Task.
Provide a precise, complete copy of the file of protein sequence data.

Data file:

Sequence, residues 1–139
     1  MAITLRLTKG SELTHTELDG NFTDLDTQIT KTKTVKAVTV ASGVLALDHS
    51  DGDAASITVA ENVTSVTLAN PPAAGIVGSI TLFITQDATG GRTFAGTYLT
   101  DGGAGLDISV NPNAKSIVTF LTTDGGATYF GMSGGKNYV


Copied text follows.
Sequence, residues 1–139
     1  MAITLRLTKG SELTHTELDG NFTDLDTQIT KTKTVKAVTV ASGVLALDHS
    51  DGDAASITVA ENVTSVTLAN PPAAGIVGSI TLFITQDATG GRTFAGTYLT
   101  DGGAGLDISV NPNAKSIVTF LTTDGGATYF GMSGGKNYV